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A collection of stories curated from different subreddits, adapted for NAR.

The Final Word On Passwords, Part 7

, , , , | Right | CREDIT: Crocodiletears128 | September 5, 2020

I work at the corporate help desk for a mid-sized company with multiple locations and divisions. Thankfully, we can answer our help desk calls from home so I’ve been doing the work-from-home life for the past few months.

Caller: “I hit the wrong key and my computer locked up!”

Me: “Oh, no! Does it respond if you hit ctrl-alt-del?”

Caller: “Nope.”

I see this caller is from a location that uses thin clients – low-performance and remote-only computers that only work online.

Me: “Is this a computer or a thin client?”

Caller: “A thin client.”

This is a potential problem because I don’t have access to that division’s servers. If their session is hung up, someone with admin access will need to log them out from the server. I can do basic user account management, but they have their own IT staff to handle these calls. This caller hit the wrong button on the phone tree, but since I’m with corporate I always try my best to help them instead of passing them off.

Me: “Oh, hmm. I’m not sure what we can do. Does it respond when you click the start menu in the bottom corner?”

Caller: “I don’t see that. All I have is my name and ‘Password’.”

Me: “Oh… and it doesn’t respond when you type?”

Caller: “No, I just have never seen this screen before.”

Me: *Pause* “Have you… tried typing your password?”

Caller: “Which one?”

Me: “Your network password.”

Caller: *Types out loud* “U-s-e-r-n-a-m-e. That didn’t work.”

Me: *Pause* “It sounded like you typed in your username; you should type what you normally try after that.”

Caller: “Oh, okay!” *Tries* “Nope. Let me try… nope! Hmm. Maybe… Nope!”

Me: “Okay, you’re locked out; let me clear it. That confirms it is asking for your regular network password, though.”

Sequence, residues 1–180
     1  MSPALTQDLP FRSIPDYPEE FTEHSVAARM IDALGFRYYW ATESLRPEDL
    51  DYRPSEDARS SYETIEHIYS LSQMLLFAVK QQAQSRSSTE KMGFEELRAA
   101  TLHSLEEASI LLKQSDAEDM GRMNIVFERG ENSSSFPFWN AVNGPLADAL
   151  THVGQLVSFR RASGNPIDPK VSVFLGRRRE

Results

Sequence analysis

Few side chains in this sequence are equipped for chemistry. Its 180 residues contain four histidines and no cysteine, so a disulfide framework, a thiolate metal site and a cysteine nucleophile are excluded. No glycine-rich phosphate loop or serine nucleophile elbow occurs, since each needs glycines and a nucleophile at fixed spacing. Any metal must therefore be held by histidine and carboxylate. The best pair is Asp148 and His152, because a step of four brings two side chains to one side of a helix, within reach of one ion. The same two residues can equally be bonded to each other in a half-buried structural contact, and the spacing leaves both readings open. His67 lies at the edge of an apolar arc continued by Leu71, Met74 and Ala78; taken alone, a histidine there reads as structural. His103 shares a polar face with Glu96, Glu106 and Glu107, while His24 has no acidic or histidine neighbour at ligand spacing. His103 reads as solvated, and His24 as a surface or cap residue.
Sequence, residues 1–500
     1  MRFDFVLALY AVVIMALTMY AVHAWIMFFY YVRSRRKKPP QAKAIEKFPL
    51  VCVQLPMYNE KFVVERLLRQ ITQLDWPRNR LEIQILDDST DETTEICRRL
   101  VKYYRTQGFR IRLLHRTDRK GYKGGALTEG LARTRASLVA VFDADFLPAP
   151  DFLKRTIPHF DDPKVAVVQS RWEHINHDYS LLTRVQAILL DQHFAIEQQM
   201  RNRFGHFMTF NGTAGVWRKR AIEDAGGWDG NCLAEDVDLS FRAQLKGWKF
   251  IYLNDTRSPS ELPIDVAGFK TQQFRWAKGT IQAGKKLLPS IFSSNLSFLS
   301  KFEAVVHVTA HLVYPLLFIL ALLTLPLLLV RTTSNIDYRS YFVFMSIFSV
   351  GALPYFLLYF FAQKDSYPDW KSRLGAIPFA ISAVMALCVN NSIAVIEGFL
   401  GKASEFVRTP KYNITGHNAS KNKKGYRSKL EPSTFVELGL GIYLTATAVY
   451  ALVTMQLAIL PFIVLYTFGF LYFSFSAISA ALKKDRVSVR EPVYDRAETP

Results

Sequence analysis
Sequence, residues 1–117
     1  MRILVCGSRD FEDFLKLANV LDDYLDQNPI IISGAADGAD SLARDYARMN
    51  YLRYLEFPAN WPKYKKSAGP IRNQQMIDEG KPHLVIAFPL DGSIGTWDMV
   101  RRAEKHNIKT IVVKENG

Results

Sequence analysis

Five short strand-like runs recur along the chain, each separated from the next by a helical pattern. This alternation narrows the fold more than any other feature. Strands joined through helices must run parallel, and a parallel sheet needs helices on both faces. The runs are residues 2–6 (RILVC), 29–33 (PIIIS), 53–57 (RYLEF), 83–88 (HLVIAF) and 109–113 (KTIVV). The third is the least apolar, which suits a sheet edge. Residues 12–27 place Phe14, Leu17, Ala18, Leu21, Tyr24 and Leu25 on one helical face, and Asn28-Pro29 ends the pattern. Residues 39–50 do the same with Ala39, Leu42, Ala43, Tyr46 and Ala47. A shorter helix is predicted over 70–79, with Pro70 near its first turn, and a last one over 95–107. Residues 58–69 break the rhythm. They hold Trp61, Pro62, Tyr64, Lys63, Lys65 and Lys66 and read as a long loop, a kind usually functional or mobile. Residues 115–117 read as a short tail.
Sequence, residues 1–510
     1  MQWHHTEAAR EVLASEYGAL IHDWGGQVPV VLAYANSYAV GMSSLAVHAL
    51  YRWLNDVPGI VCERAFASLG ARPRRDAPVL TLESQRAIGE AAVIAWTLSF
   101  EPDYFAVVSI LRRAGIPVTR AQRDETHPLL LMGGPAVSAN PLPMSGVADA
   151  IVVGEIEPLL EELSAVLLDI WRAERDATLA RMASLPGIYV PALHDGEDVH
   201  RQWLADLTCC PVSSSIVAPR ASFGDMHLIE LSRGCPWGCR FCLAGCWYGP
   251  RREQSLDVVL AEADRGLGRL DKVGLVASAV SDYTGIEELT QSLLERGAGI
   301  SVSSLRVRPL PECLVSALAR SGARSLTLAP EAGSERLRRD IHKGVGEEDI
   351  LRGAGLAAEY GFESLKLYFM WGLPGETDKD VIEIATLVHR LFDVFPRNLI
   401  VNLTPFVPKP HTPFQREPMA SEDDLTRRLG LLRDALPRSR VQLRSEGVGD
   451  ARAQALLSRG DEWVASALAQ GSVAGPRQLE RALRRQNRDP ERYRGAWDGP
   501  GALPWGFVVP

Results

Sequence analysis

Caller: “Okay! I got it, I’m in!”

Me: “…”

Score one for persistent troubleshooting techniques, I guess?

Related:
The Final Word On Passwords, Part 6
The Final Word On Passwords, Part 5
The Final Word On Passwords, Part 4
The Final Word On Passwords, Part 3
The Final Word On Passwords, Part 2

A Picture-Perfect Ending

, , , , , | Right | CREDIT: youdontplaycrazywithme | September 5, 2020

My mom is usually chill but has a streak in her that will cause her to be all Karen-y, especially when it comes to being able to get something free out of it. This is unacceptable to me and I usually try and fail to calm and quiet her down.

It is the day of my prom and I am super excited to take pictures at this gated nature preserve close to my house. We are meeting the photographer there and my mom comes with me so that we can get pictures together. 

When we get to the place I realize I don’t have cash on me and can’t pay the $1-per-person entry fee (amounting to $3). While we are still in the car I ask my mom:

Me: “Will be okay if you pay our entrance fee?”

Mom: “That’s fine.”

When we get to the gate she pulls one on me and asks the gatekeeper:

Mom: “Do we really need to pay entry? We’ll only be here for half an hour, and we just want to take some pictures for my daughter’s prom.”

I tried to quiet her down when I heard the direction it was going. Since the money was going to the conservation of the area, I was very embarrassed about her being that stingy.

When the gatekeeper heard “pictures,” he showed us a document that, lo and behold, brought the entry fee to $30.

I laughed in my sleeve and didn’t reimburse her, since she got what she asked for.

Some Customers Keep You Late But This Takes The Cake(s)!

, , , | Right | CREDIT: ColdFury96 | September 5, 2020

I’m a fifteen-year-old female. I work in bakery, sort of as a waitress but I also clean and make coffees, etc. I’m the youngest employee and often have to deal with the entitled Karen’s because they think I “have to respect my elders.”